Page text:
Edgar Degas’ unusual angles and attention to detail is remarkable, and is a great lesson in concentration. Let’s learn more about this artist with some enchanting Edgar Degas art projects for kids!
“Art is not what you see, but what you make others see.”
Most artists’ work have certain frame-like quality to them. There’s the background, and then there’s the subject matter in the foreground, each one receiving a treatment that matches the artist’s style. However, French artist Edgar Degas is an exception to this. With friends like Mary Cassatt and Edouard Manet, Edgar Degas is considered one of the founders of Impressionism but like most artists, he rejected labels. To understand more about him, take a look at his painting, “The Bellelli Family”, based on his aunt Laura and her family.
At first glance, this appears to be just a regular family portrait. But you’re also getting the feeling that something is off in this picture. Look a little closely and you’ll see why. This isn’t exactly your average happy family. The father seems like he was interrupted in the middle of work, and his position indicates that he can’t wait to get back to it. The mother is in mourning, and her expression and stance give the impression that all is not well between husband and wife. The children’s positions are poles apart, with one sitting rather playfully and the other looking uptight and sullen.
There are many other details too – in fact, there is an entire story in this painting! And that is the hallmark of Degas’ work – his attention to detail. His paintings often capture a particular angle of a scene, and the lines between background and subject are blurred. He was also a fan of capturing subjects in motion, which probably explains why so much of his work is based on dancers. Degas painted a lot of contemporary life, like people sitting in a cafe, a woman combing her hair or a laundress ironing clothes.
I’m sure that by now, you’re rather intrigued about this artist who despite failing eyesight, paid so much attention to detail. So let’s learn more about him and his work with these enchanting Edgar Degas art projects for kids!
10 Edgar Degas Art Projects for Kids
Degas’ art was all about movement, and we know that’s why he enjoyed painting dancers. So it’s only fitting that we begin our list or Degas art projects with moving ballerinas! Check out this project from Kim Weissenborn that uses brads to help the dancers move. A great project for secondary school goers and preteens.
When you look at Degas’ Dancers, you see that while he puts a lot of detailing in the picture, the focus is on what is happening, rather than what is there. You get the feeling that the person in the painting is just about to move her hand or jump into the air – that’s the magic of Degas! Dymphna’s Song helps kids get the hang of this with a lesson on how to draw a ballerina.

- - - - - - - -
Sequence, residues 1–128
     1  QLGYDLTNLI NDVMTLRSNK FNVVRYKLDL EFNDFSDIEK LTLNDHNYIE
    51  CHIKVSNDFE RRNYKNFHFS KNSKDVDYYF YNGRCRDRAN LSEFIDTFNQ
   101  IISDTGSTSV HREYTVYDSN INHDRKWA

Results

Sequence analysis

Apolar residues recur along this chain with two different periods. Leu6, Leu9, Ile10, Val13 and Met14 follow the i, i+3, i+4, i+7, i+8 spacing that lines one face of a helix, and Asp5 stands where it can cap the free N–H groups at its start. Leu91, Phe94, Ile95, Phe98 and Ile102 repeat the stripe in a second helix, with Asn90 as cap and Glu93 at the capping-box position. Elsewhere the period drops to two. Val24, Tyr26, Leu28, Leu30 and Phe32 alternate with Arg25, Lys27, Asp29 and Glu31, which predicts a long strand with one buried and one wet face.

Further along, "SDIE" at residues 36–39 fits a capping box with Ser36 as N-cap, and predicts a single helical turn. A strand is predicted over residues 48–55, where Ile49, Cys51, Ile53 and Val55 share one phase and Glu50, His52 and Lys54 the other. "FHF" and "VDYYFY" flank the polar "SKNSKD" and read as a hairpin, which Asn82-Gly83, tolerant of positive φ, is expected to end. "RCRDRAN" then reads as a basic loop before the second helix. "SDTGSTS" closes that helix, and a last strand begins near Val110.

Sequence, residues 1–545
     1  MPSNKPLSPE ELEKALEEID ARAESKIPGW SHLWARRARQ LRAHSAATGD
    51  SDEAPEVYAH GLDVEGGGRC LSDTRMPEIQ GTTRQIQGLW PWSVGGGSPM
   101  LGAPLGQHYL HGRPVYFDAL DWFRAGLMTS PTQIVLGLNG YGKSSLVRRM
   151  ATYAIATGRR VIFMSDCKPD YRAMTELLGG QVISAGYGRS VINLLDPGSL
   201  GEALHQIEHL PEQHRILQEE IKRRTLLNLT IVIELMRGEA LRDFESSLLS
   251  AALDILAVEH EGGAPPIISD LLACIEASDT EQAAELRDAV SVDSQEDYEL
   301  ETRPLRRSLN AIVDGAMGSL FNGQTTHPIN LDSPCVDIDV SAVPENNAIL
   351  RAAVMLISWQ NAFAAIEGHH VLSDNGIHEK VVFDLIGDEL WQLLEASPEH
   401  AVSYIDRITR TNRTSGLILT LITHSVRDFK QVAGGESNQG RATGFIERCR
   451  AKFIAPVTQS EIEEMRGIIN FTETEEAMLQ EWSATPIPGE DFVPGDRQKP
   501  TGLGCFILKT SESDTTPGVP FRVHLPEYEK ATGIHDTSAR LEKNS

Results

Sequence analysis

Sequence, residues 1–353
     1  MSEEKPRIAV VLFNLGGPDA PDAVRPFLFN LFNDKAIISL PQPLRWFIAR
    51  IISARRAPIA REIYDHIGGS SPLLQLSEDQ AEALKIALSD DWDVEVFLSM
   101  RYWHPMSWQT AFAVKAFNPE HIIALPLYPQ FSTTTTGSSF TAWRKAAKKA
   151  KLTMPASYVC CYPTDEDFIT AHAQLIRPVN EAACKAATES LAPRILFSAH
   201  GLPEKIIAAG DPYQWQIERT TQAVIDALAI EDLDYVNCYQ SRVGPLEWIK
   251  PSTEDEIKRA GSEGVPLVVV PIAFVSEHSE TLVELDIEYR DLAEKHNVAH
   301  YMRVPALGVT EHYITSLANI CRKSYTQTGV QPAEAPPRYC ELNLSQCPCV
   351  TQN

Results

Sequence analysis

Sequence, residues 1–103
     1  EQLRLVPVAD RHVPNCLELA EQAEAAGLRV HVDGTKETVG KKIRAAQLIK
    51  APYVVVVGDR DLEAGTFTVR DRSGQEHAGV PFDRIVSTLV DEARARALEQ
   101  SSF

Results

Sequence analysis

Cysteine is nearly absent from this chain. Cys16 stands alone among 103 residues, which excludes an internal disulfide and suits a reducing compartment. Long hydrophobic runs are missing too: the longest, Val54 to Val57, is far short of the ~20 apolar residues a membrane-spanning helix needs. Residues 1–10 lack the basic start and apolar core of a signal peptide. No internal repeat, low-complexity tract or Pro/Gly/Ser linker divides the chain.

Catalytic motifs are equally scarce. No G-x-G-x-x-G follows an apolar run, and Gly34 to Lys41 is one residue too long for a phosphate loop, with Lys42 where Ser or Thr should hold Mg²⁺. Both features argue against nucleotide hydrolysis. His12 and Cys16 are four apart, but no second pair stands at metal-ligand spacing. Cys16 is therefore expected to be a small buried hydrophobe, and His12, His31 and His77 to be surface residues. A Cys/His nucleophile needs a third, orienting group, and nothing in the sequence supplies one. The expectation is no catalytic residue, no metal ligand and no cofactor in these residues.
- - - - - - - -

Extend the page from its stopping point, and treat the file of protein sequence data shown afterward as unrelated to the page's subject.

While some of Degas’ work features individuals, many show groups, especially when it comes to dance. Dancers are shown in various positions – at the bar, stretching, adjusting their shoes and more. Check out this project from Arte Con Tus Manitas that features a pair of dancers doing different things. I have to say that the cupcake liners make cute tutus!
The Crafty Crow has an easy project based on the book ‘Chasing Degas’. It includes everything: getting the ballerina poses right, drawing in the facial expressions and dressing them up in pretty clothes. Love the colors used here!
This book tells the story of Marie, a little girl who loves ballet but can’t afford lessons. She then decides to earn some money by modeling for famous artist Edgar Degas, after which her life changes completely! This book introduces kids to the artist’s iconic work, The Little Dancer with beautiful illustrations that’ll make the kids want to learn more.
Edgar Degas wasn’t just a painter, he was also a sculptor, and even there his favorite subject was dance. Let the kids get into sculpting mode too, with this ballerina sculpture project from Snuggle Bug University. Use air drying clay, which you can get at your craft shop. Don’t forget to dress them up!
We know that Edgar Degas liked to ‘crop out’ parts of a scene, which gives his work that unique touch. Renee Lannan has gone a step further and cropped a scene from Degas’ painting! This project focuses on a dancer from ‘The Ballet Rehearsal’ and is done on muslin cloth. It involves multiple steps but is a good project for older kids who’d like to try out different techniques in art.
If your kids are too young for the clay sculpture, they can try out these easy Popsicle stick ballerinas from Glued to My Crafts. And these ballerinas can move too! Twist their little pipe cleaner arms up and around to get many ballet poses. And when you’re done, just prop them up on your desk for some pretty decor!
This coloring page based on Degas’ ‘The Dance Studio’ should be interesting to work on, considering the muted colors in the original. Little kids can fill in whatever they feel like, but let the older kids have more of a challenge by trying to replicate the strokes in the original.
Here is a sculpture that can be incredibly satisfying! Mrs. Knight’s Smartest Artists shows us how something a simple as scrunching foil can turn into art! This is a great project for kids of all ages, and it helps to have a model to look at – if it’s 3D, then all the better! Don’t forget the shadow!
There’s a lot to learn with these Edgar Degas art projects for kids. Besides the attention to detail, Degas’ work has a dynamic quality about it, almost like you know it’s going to move! While Degas captured live motion into art, American ballerina Misty Copeland used those poses in real life for a photo shoot a couple of years ago. A painter born in the 1800s inspiring a live art show in the 21st century – now that’s the magic of art!